The majority of the bass were still in their late-summer doldrums during last week's Table Rock Bassmaster Elite Series. That meant they were hanging out at depths around – and even well below – the 30-foot mark.

Winner Todd Faircloth targeted deep-water spotted bass with a dropshot rig, and so did two of the other Top 5 finishers. Another focused on that same species and depth, but employed a Carolina rig.

One lone wolf – a rookie, no less – went up the White River in search of largemouths that had made the transition to their fall locales. He found some good ones, but not quite enough to finish on top.

2nd: Edwin Evers

> Day 1: 5, 10-05
> Day 2: 5, 11-12
> Day 3: 5, 13-04
> Day 4: 5, 10-14
> Total = 20, 46-03

Oklahoma's Edwin Evers was the only angler other than Faircloth to catch a limit on all 4 days. A lot of anglers averaged more than a dozen fish a day, but catching five that met the 15-inch minimum was problemmatic.

"I caught quite a few fish in practice," he said. "I was just looking for fish at depths from 30 to 45 feet. Most of the ones I found were relating to brushpiles."

He rotated between numerous spots throughout the tournament. He caught most of his weigh-in fish on a dropshot, but also picked up some on a jig and a jigging spoon.

> Dropshot gear: 6'6" medium-action Bass Pro Shops (BPS) Pro Qualifier rod, BPS Pro Qualifier spinning reel, 6-pound BPS XPS fluorocarbon line, 3/8-ounce BPS dropshot weight, 1/0 Owner dropshot hook, 4" BPS XPS Pro Qualifer worm (brown-purple) or 4" Gary Yamamoto Kut Tail Worm (brown/purple).

> Jig gear: 7' medium-heavy BPS Pro Qualifier rod, BPS Pro Qualifier casting reel, 12-pound XPS fluorocarbon, 3/4-ounce BPS football jig (brown/purple), Zoom Ultra Vibe Speed Craw trailer (cinnamon craw).

> Jigging spoon gear: 6'6" medium-heavy BPS Pro Qualifier rod, BPS Pro Qualifier baitcasting reel, 17-pound XPS fluorocarbon, 3/4-ounce BPS Strata jigging spoon (white).

> Main factor in his success – "Just being consistent and patient and working a whole bunch of different spots."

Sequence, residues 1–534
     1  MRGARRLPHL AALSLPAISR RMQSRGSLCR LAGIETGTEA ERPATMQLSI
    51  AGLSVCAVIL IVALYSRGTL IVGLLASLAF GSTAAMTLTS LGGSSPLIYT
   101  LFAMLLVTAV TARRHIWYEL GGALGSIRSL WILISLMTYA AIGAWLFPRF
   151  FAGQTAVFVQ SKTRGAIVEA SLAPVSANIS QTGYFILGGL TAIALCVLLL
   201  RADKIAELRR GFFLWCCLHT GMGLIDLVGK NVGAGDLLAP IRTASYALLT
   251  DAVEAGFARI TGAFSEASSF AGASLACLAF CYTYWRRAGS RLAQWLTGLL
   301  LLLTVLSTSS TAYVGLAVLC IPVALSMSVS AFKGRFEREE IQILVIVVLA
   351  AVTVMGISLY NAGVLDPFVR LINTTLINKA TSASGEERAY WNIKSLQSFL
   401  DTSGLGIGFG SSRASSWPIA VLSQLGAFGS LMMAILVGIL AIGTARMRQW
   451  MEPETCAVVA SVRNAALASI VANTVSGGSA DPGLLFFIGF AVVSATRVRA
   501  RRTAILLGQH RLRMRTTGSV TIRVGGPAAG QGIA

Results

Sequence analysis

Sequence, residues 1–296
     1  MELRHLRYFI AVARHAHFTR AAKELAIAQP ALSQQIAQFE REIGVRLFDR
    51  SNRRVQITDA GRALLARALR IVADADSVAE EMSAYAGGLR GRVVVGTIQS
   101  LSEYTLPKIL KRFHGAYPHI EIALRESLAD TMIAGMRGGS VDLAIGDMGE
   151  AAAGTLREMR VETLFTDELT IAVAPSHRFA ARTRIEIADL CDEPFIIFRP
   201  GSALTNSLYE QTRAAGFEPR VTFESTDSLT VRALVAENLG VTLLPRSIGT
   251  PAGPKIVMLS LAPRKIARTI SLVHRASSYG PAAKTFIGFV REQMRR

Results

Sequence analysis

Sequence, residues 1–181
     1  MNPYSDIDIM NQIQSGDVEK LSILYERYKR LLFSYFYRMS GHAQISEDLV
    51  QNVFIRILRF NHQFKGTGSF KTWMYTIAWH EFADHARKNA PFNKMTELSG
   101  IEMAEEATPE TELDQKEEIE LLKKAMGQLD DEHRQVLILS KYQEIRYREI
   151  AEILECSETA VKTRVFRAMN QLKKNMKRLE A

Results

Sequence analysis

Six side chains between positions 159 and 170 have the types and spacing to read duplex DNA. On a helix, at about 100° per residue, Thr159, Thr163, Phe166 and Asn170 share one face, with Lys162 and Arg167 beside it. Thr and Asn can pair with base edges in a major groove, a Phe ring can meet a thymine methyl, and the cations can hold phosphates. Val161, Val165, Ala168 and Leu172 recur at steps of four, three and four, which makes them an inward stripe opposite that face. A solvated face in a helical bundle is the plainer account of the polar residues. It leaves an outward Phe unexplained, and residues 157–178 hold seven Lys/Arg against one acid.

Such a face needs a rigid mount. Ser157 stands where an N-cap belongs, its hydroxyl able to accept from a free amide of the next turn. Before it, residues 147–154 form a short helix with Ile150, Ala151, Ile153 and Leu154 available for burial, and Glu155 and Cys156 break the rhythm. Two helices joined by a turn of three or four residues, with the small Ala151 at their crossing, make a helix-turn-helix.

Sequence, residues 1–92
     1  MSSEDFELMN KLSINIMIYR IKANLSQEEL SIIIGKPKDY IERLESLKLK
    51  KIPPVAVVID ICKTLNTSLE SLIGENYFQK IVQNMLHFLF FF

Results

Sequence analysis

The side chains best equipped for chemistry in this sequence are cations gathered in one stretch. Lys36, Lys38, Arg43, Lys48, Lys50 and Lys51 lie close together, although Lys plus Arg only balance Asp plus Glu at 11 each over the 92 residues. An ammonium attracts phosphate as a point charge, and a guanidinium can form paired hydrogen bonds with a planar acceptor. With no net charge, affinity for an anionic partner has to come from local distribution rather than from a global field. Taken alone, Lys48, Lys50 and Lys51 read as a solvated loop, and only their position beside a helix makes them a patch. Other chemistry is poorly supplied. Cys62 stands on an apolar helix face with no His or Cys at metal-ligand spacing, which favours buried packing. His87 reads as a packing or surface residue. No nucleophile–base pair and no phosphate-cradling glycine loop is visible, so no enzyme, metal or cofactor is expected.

> Performance edge – "My spinning rod and reel. When you're fighting deep fish on 6-pound test, you need a really good drag. I never broke a fish off."

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Photo: ESPN Outdoors

Kevin Short said the long leader on his Carolina rig was a factor in his high finish.

3rd: Kevin Short

> Day 1: 5, 14-01
> Day 2: 4, 8-02
> Day 3: 4, 10-10
> Day 4: 5, 13-01
> Total = 18, 45-14

Just about every decision Arkansas' Kevin Short has made since mid-summer has been spot-on, and going with a Carolina-rigged worm to catch deep spots at Table Rock was no different.

To be precise, his primary bait was a Zoom Ultra Vibe Speed Worm.

"I tried Senkos at first, but they were too heavy and they laid on the bottom," he said. "That little Speed Worm is made from lighter plastic and doesn't have all that salt, and it floated up off the bottom."

He used a relatively long leader – between 4 and 5 feet.

"I think that had something to do with it. If I used anything shorter I didn't seem to get as many bites, and some of my amateur partners used short leaders and they didn't get bit."

> Carolina-rig gear: 7' medium-heavy St. Croix Legend Elite rod, Shimano Curado baitcasting reel, 12-pound Triple Fish fluorocarbon (main line), barrel swivel, unnamed 1-ounce tungsten barrel weight, 8-pound Triple Fish fluorocarbon leader (4 to 5 feet long), 1/0 Gamakatsu offset-shank hook, 4" Zoom Ultra Vibe Speed Worm (green-pumpkin or watermelon red).

> Main factor in his success – "Just being persistent and knowing that I was going to get five decent bites a day, and then putting every one of them in the boat."